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5 Reasons Etsy Can Survive the Coronavirus Crisis

Etsy (NASDAQ: ETSY), the online market for crafts and other artisan-made goods, gave investors their first look on Thursday at how the coronavirus pandemic is impacting its business. In a "fireside chat" video, management shared some key figures and insights with investors, most of which helped reassure the market -- the stock was trading as much as 13.5% higher on Friday.

Keep reading to see why management is optimistic that it can emerge from the crisis intact, and even outperform its competitors.

A handmade glass bird from Etsy

Image source: Etsy.

1. Its business model is flexible

Unlike brick-and-mortar retailers that often have cavernous storefronts to maintain, Etsy has no brick-and-mortar stores and a more nimble business model. CEO Josh Silverman said that the company benefits from high variable costs and relatively low fixed costs, which "positions us really well to be resilient and to manage through the near-term turbulence to get to the other side." Silverman explained that marketing costs on Google and Facebook, for example, ramp up or down according to demand for specific categories. 

By not having to worry about fulfillment infrastructure, inventory, or physical stores, Etsy can avoid a lot of the headaches facing other retailers, both on- and offline. Even if sales fall, the bottom line won't be too severely impacted.

2. The balance sheet is strong

Etsy is also confident that it has plenty of cash, and a capital structure capable of surviving the ongoing headwinds. The company has $800 million in cash and short-term investments like treasury notes -- what CFO Rachel Glaser referred to as high-quality capital -- and no debt maturing until 2023. It also has $200 million in a revolving credit facility that it has yet to tap.

3. Sales growth is slowing, but some categories are hot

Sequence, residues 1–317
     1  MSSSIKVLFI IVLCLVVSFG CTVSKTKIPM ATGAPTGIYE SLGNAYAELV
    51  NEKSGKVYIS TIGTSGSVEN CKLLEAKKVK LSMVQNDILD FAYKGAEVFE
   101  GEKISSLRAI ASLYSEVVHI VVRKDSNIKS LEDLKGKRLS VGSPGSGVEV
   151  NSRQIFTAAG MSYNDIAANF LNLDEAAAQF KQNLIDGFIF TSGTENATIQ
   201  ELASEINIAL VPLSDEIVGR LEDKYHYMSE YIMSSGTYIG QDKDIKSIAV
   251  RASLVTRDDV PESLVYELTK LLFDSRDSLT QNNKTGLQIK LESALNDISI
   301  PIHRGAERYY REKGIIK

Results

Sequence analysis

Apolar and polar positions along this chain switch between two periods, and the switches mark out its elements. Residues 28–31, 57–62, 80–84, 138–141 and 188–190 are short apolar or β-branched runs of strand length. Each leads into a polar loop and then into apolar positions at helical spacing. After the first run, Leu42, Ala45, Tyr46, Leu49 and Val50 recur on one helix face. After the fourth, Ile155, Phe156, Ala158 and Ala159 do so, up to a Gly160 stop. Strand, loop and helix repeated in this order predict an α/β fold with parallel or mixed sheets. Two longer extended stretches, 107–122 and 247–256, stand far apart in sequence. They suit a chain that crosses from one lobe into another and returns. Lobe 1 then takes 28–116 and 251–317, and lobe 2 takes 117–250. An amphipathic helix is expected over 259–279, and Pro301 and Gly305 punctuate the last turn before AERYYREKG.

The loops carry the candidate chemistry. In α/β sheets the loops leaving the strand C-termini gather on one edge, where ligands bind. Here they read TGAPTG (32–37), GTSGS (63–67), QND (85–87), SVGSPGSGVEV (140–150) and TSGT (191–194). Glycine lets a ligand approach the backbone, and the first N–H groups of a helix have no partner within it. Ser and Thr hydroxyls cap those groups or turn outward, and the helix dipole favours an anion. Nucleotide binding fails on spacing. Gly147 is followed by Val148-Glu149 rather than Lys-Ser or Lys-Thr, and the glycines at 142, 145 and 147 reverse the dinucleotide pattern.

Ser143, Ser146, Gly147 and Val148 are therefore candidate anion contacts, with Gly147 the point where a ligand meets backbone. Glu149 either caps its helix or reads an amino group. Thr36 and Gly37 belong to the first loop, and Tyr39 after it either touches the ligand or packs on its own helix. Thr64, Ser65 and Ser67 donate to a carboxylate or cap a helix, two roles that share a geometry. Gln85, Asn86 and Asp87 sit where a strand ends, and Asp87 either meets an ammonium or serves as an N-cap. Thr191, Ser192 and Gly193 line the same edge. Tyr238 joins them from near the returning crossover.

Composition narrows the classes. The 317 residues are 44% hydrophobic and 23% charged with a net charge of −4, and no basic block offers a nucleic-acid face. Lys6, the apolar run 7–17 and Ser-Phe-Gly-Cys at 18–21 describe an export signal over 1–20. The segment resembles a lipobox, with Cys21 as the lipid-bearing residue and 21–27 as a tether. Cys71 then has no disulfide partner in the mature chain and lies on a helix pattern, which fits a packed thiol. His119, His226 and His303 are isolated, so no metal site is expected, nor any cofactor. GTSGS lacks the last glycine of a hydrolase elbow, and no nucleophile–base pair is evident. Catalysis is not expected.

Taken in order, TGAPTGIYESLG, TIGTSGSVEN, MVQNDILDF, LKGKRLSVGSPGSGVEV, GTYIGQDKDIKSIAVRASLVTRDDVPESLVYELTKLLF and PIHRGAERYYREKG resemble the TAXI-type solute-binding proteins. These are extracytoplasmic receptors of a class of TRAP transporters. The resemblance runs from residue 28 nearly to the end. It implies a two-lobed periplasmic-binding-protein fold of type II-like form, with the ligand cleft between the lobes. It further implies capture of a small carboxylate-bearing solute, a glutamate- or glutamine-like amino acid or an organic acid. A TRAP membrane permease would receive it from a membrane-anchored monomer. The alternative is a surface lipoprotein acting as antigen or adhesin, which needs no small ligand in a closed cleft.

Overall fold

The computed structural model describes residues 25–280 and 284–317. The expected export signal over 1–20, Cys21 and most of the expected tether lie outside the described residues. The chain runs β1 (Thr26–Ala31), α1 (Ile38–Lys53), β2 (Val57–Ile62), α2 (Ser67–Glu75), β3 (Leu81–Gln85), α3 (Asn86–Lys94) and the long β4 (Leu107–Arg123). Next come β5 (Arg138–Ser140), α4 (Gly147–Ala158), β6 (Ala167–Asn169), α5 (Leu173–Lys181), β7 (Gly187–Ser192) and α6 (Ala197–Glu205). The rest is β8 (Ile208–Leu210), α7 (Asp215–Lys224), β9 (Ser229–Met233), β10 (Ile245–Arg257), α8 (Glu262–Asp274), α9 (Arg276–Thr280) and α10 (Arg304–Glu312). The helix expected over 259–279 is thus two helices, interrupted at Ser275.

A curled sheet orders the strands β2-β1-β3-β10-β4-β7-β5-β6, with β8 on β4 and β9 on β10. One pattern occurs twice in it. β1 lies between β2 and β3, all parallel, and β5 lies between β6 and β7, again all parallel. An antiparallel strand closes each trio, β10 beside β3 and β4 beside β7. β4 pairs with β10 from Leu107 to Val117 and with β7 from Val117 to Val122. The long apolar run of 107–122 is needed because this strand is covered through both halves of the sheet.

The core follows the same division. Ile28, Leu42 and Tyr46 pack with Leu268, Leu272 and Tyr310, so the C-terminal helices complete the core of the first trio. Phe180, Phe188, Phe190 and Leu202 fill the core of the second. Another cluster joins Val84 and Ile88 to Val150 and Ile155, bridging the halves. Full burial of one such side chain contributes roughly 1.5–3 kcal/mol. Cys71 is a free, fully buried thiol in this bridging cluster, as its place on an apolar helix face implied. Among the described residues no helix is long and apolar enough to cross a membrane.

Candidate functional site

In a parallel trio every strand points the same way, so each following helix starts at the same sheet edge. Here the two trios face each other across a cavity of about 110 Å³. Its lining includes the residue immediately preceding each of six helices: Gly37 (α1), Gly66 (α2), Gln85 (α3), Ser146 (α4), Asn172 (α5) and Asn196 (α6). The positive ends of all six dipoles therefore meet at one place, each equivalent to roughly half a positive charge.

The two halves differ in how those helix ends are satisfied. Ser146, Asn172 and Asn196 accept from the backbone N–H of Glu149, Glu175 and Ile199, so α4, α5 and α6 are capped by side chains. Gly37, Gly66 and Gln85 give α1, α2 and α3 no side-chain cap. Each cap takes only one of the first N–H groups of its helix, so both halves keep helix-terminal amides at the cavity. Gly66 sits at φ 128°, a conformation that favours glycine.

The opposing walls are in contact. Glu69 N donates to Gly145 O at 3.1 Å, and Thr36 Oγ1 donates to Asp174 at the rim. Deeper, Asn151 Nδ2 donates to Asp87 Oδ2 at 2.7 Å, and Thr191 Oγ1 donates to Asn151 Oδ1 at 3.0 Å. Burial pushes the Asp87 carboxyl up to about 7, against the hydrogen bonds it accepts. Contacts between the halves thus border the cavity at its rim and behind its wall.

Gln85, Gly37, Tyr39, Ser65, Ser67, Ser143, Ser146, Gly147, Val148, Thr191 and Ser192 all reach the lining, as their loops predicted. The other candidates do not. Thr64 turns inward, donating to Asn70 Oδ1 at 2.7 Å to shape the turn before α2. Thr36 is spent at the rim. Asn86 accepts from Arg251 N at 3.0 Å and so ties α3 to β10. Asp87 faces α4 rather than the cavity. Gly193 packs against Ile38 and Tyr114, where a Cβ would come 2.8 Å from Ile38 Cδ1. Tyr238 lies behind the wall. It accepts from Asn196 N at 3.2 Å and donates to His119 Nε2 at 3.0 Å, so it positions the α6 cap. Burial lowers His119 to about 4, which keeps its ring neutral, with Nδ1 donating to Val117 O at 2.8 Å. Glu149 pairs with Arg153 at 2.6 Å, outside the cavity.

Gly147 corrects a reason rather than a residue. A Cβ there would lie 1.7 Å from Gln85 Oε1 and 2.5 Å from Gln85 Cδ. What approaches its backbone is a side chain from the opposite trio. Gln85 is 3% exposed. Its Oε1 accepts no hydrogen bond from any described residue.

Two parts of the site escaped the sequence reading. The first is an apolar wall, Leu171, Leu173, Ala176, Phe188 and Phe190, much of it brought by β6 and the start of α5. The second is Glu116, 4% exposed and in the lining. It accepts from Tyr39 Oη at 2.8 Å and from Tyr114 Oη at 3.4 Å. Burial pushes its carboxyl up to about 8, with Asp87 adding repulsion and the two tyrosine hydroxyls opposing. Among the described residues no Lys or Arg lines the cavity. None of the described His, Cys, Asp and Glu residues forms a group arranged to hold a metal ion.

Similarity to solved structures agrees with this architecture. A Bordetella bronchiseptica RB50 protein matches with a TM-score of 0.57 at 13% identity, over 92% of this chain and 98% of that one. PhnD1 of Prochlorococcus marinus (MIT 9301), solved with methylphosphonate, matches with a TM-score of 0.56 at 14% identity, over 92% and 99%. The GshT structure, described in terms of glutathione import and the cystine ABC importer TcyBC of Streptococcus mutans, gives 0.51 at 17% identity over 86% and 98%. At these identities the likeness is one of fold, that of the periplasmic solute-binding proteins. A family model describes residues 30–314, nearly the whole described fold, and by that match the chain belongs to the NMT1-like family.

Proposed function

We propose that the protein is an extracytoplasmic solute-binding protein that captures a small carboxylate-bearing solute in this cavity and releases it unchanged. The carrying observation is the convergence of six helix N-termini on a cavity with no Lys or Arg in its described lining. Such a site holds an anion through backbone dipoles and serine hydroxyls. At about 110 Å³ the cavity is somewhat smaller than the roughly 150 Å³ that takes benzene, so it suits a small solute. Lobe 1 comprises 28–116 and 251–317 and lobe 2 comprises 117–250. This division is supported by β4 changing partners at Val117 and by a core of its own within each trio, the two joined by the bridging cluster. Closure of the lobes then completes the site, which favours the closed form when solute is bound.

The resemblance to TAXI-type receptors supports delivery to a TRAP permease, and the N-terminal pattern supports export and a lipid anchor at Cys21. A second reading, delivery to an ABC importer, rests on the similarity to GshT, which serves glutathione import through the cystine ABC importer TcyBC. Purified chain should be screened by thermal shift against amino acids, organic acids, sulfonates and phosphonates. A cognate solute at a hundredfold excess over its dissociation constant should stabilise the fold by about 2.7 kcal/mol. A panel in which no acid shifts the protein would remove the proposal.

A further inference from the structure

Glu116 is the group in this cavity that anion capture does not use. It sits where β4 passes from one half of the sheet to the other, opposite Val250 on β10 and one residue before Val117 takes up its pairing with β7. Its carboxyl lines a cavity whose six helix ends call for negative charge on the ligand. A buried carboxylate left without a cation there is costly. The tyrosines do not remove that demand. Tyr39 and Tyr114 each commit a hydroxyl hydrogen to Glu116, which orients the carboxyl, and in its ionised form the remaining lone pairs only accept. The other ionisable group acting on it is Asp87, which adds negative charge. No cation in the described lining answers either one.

Gross merchandise sales (GMS), the value of the goods sold on its platform, jumped 32% in the first quarter, consistent with growth in the fourth quarter of 2019, but sales were noticeably stronger in January and February, when they surged 41%. In other words, GMS was up only about 14% in March. Silverman said that sales slowed noticeably on March 8th as news around the coronavirus grabbed "mindshare," and said the company had experienced that phenomenon before with major news events. GMS growth bottomed out in the third week of March at -2% as schools across the country closed and Americans responded to "stay-at-home" orders, but rebounded to 27% growth the following week.

Silverman also said that Americans' overall focus on stocking up on consumer staples like food and cleaning products was a negative factor for Etsy, but as people settled into new habits the company saw solid performance from categories like puzzles and games and self-care like bath and beauty -- as well as in Reverb, the musical instrument marketplace it acquired, which saw a spike an interest from first-time musicians. On the other hand, the wedding category, which is a major driver of springtime business, was severely impacted, and jewelry also experienced headwinds.

4. Its seller base is solid

The core of Etsy is its 2.7 million seller-enterpreneurs, without which there would be no merchandise on its website. Management said that 91% of its sellers are one-person operations working from home, meaning most of them don't have to worry about the kind of supply chain headaches that other businesses might be experiencing now. That gives the company a diverse base of sellers around the world, selling a wide range of product categories. Though it noted that some sellers had paused their listings as they dealt with the abrupt life changes of the crisis, like kids being home from school, management also said that a single seller taking a break would not have an impact on its business, as there are often other sellers offering similar products.

5. Even in a worst-case scenario, it could still turn a profit

Etsy hasn't been ignoring the threat of a recession -- the company said it had been planning for the threat of a downturn for three years. Management has already scaled back on expenses where prudent, like hiring, and CFO Rachel Glaser said, "Even in a long and pronounced downturn in consumer demand, it is our priority to remain Adjusted EBITDA positive and cash flow positive for this year." Elaborating, she explained that even if the rest of the year looked like the worst week in March when GMS fell 2%, the company would still finish with break-even to slightly positive Adjusted EBITDA margins. If its business growth rate were half what it had originally projected, it would have an Adjusted EBITDA margin in the low-to-mid teens.

In other words, Etsy will see sales growth slow this year because of the outbreak, but the company shouldn't experience any long-term damage from the crisis. Its balance sheet is strong, its seller base is stable, and the company can turn a profit even in its worst-case scenario.

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Jeremy Bowman has no position in any of the stocks mentioned. The Motley Fool owns shares of and recommends Etsy. The Motley Fool has a disclosure policy.

The views and opinions expressed herein are the views and opinions of the author and do not necessarily reflect those of Nasdaq, Inc.

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